Nigeria, Saudi Arabia move against oil price volatility
While the price of crude is currently at a record low in one year with the International Brent selling at $60.78 per barrel in the early hours of yesterday, analysts expect the cartel to agree on an output cut of about 1.5 million barrels daily to counter emerging glut.
During a press conference in Abuja, Kachikwu said the meeting, which was primarily focused on the need to achieve market stability, also opened up areas of opportunities, particularly helping Nigeria to get its refineries running.
Against the backdrop that both nations are giants in Africa and the Middle East and boast of 37 billion barrels and 266 billion oil reserves, the ministers pledged to use their positions to cushion the volatility in oil outlook, noting that the earlier price stability was an outcome of a collaborative work.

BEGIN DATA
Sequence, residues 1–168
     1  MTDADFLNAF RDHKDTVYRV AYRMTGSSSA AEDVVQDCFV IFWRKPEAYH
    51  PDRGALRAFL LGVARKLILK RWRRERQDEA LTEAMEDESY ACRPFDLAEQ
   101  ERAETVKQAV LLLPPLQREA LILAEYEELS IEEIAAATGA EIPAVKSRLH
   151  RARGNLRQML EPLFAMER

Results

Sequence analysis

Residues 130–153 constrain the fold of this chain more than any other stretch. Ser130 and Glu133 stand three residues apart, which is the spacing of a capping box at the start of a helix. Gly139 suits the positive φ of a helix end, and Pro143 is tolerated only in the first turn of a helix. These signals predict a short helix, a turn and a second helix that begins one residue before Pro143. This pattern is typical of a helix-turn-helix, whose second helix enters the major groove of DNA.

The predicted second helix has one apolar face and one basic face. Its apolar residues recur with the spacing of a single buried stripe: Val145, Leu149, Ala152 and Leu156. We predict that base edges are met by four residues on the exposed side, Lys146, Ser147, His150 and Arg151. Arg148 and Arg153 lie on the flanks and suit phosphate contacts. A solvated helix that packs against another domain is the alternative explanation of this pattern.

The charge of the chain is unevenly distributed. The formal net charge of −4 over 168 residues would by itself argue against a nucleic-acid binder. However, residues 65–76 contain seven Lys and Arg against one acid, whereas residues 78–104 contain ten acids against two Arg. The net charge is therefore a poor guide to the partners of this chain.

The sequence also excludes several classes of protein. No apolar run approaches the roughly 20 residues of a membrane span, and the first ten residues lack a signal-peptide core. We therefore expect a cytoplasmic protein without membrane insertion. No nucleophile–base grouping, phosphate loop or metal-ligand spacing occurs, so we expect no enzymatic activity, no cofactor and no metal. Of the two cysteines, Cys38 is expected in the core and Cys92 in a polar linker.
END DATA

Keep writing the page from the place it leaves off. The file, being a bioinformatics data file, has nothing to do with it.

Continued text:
Kachickwu said: “OPEC is a very strong voice. Not just in terms of satisfying the needs of members but also stabilising the market fundamentals.
“Saudi Arabia has over 35 per cent of the OPEC volume. So whatever happens in Saudi Arabia is very critical to what happens in OPEC. We need to work together irrespective of the size.”
He insisted that the consultation yielded significant results.
The minister was, however, unsure if the Nigeria would seek to be exempted from any cut agreements, stressing that the country would rather be committed to working with the oil cartel to achieve laid-out objectives.
On his part, Al-Falih expressed hope that the OPEC-Non-OPEC Joint Ministerial Monitoring Committee (JMMC) meeting earlier this month in Abu Dhabi, United Arab Emirates and other consultations ahead of the December meeting would lead to a stabilised market.
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